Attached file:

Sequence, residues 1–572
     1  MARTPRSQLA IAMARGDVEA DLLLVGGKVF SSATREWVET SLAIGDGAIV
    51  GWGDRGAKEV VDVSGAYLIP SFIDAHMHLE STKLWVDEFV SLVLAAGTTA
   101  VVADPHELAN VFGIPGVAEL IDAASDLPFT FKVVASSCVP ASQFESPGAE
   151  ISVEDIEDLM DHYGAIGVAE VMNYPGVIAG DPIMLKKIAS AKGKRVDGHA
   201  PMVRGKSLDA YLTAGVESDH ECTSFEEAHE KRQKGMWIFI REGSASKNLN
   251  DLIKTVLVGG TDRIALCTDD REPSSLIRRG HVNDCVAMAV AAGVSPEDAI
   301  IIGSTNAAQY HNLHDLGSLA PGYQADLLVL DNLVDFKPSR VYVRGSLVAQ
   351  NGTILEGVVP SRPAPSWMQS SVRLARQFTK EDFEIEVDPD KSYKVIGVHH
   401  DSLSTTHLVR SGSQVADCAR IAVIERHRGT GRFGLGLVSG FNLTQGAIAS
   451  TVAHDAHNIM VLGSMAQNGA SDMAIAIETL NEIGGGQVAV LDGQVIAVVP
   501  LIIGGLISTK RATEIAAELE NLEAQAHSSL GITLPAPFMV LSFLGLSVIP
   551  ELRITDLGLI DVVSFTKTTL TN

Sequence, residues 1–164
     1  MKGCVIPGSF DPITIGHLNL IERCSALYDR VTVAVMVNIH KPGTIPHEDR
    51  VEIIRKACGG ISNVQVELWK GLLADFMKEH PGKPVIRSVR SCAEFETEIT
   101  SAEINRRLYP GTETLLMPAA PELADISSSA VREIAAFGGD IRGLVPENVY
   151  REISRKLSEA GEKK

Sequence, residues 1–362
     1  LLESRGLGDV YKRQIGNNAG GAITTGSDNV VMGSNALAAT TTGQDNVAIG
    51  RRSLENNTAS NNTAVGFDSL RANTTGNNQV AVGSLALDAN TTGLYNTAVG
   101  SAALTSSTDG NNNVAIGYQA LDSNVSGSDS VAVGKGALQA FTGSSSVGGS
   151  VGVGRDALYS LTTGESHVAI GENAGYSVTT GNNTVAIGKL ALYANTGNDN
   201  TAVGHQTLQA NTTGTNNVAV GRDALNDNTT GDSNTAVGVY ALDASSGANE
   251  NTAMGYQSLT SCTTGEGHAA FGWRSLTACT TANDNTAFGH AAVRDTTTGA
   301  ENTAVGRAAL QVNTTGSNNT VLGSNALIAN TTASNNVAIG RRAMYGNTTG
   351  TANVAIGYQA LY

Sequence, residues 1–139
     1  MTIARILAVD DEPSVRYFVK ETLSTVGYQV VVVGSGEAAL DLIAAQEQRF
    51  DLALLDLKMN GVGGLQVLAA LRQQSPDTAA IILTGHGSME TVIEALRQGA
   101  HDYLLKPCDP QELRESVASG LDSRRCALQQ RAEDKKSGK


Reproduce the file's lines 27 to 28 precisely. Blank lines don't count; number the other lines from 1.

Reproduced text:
   351  TANVAIGYQA LY

Sequence, residues 1–139